We’ll start with old-fashioned CRT TVs. A good CRT – which is any half-decent set intended for home use – will offer rich colours enhanced by the special sort of glow that only comes from this sort of display, bright highlights giving off a beautiful bloom effect and dark tones almost sucking you into their inky depths. Slot masks, shadow masks, and scanlines give chunky pixels the clear separation they need to really shine and all of your treasured old light guns will work as intended (so long as you’re not using a later 100Hz TV, that is), opening or reopening an entire genre for your gaming pleasure. One up from these hefty pieces of kit (or a step sideways, depending on what you want to do with them) are VGA CRT monitors, AKA “The really old monitor that came with your/your parent’s first PC (delete as appropriate for your age group)”. These have all the visual benefits of the above, produce an image so sharp you’ll fall to your knees and weep for your casual lack of appreciation for their true beauty the first time around, and work with more or less nothing outside of really old PCs, a Dreamcast with the correct cables, a few slightly awkward arcade motherboards, and dusty laptops. Oh and you can forget using light guns with just about all of them too.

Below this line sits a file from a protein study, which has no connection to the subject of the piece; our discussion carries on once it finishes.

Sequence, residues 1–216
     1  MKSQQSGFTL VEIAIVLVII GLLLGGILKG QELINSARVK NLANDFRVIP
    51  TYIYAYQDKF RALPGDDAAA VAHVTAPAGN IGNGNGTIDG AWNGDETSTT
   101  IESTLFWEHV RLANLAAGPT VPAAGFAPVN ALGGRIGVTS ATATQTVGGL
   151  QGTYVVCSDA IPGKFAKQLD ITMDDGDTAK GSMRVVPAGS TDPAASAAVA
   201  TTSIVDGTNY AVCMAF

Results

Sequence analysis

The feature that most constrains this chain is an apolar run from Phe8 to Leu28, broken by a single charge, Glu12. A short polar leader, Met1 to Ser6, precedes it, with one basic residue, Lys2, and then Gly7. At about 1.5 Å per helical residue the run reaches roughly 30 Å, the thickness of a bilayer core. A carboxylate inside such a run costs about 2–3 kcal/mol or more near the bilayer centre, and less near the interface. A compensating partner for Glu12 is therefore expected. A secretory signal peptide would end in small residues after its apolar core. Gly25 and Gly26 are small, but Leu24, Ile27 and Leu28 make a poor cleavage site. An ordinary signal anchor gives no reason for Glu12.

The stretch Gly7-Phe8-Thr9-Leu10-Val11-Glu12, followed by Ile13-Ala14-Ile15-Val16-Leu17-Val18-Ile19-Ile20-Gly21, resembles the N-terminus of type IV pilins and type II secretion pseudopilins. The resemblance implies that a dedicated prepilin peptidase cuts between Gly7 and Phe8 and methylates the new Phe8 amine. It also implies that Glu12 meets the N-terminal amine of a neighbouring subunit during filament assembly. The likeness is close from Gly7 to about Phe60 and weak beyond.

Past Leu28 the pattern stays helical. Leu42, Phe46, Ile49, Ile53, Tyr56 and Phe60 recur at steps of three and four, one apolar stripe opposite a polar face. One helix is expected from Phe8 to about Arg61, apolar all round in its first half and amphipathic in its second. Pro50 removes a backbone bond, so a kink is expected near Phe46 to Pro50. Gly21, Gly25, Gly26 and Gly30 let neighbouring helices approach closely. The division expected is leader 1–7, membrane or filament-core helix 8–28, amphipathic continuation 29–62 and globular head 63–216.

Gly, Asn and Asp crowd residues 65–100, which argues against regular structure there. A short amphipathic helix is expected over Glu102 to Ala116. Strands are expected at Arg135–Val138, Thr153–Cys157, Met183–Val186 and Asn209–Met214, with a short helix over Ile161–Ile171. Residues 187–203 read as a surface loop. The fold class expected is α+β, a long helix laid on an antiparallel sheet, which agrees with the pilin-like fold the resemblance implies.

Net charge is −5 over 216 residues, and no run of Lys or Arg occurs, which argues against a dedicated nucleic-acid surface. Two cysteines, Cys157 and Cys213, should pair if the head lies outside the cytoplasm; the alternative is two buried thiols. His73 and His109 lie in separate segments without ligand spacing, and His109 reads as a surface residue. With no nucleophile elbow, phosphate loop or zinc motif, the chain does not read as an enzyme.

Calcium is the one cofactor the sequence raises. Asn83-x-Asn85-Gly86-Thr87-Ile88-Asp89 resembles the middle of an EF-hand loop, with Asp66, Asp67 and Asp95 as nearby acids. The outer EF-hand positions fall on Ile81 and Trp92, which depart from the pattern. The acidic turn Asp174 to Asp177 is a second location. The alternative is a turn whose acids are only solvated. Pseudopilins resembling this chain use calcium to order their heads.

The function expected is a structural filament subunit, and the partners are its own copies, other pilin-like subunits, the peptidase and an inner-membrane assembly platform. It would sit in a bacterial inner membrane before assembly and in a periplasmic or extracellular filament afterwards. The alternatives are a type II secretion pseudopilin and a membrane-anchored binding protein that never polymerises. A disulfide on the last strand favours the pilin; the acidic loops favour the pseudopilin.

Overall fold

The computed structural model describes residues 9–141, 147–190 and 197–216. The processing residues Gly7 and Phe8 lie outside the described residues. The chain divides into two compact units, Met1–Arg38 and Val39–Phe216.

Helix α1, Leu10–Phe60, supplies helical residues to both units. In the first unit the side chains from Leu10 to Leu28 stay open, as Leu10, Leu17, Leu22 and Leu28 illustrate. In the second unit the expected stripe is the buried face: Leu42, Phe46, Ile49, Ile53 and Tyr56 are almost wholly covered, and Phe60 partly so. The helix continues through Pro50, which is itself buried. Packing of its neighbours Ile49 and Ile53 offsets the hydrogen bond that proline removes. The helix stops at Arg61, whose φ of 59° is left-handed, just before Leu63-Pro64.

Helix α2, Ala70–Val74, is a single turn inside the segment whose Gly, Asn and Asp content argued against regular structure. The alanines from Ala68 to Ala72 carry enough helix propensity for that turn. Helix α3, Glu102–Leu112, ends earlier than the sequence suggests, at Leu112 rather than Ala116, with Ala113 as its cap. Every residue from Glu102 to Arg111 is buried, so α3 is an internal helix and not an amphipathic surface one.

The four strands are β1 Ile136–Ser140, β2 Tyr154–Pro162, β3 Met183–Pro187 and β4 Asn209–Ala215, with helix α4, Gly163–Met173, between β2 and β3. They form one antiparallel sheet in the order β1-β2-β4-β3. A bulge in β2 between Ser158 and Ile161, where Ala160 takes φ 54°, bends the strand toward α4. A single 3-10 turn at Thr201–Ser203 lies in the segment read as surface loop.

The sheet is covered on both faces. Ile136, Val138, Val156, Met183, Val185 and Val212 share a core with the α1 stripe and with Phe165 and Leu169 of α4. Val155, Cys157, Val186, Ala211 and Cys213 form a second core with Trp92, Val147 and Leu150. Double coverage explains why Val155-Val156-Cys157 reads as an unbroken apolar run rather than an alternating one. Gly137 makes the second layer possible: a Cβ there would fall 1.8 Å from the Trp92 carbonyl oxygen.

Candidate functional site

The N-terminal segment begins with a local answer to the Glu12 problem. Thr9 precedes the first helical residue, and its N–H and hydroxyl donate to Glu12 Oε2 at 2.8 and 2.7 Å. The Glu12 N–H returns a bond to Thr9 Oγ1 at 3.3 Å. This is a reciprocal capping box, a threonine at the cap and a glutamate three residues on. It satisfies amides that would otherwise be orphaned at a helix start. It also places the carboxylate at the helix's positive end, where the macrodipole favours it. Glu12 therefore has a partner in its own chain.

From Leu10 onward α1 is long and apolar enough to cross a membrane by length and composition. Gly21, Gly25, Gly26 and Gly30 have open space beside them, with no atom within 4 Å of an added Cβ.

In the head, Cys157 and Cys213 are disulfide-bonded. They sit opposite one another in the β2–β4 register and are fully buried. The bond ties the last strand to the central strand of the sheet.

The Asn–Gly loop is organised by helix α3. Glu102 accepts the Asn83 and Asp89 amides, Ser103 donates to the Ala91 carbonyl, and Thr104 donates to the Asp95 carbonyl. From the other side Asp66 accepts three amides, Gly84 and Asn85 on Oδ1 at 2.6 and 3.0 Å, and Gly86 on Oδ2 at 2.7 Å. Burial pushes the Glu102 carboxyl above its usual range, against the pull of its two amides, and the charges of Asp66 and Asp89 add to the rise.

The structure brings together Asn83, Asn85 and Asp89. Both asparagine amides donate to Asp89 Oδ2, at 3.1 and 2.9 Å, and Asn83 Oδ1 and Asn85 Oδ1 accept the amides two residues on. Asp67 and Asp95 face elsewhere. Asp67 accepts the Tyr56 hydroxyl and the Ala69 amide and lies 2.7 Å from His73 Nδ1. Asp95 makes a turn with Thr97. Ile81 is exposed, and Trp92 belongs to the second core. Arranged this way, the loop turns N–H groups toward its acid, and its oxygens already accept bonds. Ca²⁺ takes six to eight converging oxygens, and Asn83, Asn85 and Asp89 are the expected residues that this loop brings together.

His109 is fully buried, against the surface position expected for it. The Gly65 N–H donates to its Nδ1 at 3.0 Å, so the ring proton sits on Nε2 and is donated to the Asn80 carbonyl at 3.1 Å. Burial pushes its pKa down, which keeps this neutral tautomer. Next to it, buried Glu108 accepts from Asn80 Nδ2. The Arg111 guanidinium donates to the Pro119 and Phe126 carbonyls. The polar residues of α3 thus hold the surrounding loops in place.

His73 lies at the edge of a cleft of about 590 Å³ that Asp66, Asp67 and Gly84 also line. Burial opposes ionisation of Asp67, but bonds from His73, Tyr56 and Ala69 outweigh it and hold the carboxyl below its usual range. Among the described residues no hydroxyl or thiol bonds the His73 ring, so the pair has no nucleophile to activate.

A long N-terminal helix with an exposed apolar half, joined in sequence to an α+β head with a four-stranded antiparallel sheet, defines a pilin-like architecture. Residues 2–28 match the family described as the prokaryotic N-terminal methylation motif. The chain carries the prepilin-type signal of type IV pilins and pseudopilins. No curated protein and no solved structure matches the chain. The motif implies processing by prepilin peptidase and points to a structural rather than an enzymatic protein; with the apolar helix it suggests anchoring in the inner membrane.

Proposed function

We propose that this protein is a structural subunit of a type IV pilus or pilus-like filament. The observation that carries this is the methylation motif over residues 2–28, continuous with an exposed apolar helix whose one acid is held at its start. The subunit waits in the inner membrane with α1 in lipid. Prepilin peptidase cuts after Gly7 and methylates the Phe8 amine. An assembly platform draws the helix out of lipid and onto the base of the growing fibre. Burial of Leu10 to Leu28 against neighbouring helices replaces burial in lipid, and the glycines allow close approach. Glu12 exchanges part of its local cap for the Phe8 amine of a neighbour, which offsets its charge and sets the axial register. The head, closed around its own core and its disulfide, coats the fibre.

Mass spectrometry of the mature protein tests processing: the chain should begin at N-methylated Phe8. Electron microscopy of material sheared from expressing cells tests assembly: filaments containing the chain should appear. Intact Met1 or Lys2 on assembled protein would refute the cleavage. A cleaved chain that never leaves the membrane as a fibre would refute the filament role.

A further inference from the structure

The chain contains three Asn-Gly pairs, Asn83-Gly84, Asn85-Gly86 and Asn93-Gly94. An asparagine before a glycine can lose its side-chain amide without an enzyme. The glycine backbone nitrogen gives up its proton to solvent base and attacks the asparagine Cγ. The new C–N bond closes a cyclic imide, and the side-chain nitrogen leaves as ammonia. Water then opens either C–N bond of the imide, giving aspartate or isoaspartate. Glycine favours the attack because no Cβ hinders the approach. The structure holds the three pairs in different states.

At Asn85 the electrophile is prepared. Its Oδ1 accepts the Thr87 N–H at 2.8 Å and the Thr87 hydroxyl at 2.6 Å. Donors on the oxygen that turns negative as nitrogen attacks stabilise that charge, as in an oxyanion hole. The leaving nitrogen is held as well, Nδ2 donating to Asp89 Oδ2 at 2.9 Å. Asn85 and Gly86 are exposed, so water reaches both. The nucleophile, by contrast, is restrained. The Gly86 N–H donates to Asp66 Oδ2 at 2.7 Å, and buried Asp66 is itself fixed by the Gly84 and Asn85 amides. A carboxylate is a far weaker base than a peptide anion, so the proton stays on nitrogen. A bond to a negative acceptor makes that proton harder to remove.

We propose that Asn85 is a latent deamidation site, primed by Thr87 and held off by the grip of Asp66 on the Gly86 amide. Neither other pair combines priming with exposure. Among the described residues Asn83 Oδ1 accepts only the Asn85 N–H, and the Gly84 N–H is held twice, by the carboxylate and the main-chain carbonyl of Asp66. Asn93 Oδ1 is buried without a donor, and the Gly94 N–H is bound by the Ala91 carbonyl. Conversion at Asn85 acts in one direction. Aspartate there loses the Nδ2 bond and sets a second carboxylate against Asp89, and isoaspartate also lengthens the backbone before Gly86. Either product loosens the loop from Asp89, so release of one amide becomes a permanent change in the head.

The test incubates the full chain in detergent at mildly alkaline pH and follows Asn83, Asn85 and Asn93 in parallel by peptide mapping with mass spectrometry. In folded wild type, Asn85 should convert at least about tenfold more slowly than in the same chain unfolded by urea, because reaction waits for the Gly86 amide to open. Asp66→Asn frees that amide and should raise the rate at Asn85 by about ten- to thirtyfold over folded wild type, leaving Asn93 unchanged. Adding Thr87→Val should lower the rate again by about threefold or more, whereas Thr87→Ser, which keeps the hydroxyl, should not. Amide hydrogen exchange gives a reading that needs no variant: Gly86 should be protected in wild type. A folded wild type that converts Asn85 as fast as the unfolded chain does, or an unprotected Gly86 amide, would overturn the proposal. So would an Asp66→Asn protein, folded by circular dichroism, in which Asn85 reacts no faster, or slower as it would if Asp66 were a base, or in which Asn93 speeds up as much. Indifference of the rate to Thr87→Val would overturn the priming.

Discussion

From there we’ll move on towards what I’ve unhelpfully lumped into the “Flat PC monitor” category, which covers everything from those pleasantly “soft” old LCDs that allowed you to trace a brief rainbow coloured snake across the screen with your finger to generic “It came with my computer” shrugs of technology and wallet-destroying rectangles of beauty. Any half-decent PC monitor is going to produce at least a serviceable image when sat directly in front of it (do watch those viewing angles on older examples though) and in the very best cases a premium experience showcasing voidlike blacks and zinging colours on a monitor so wide you have to turn your head to see the edges of the screen. For sheer size though nothing’s bigger than the latest model HDTV you can afford, with even ordinary mid-range sets these days more than likely to push aside everything else on an entire living room wall and give your games a welcome dose of cinematic oomph. The major downside is the lack of inputs – if you’re very lucky they might have a solitary component port somewhere on the back (very handy for fans of Sony’s PlayStation 2), but realistically your options are HDMI and… that’s it. They’re also big. Did I mention they were big? HDTVs are really big. Sometimes things can be too big, even if they look really impressive.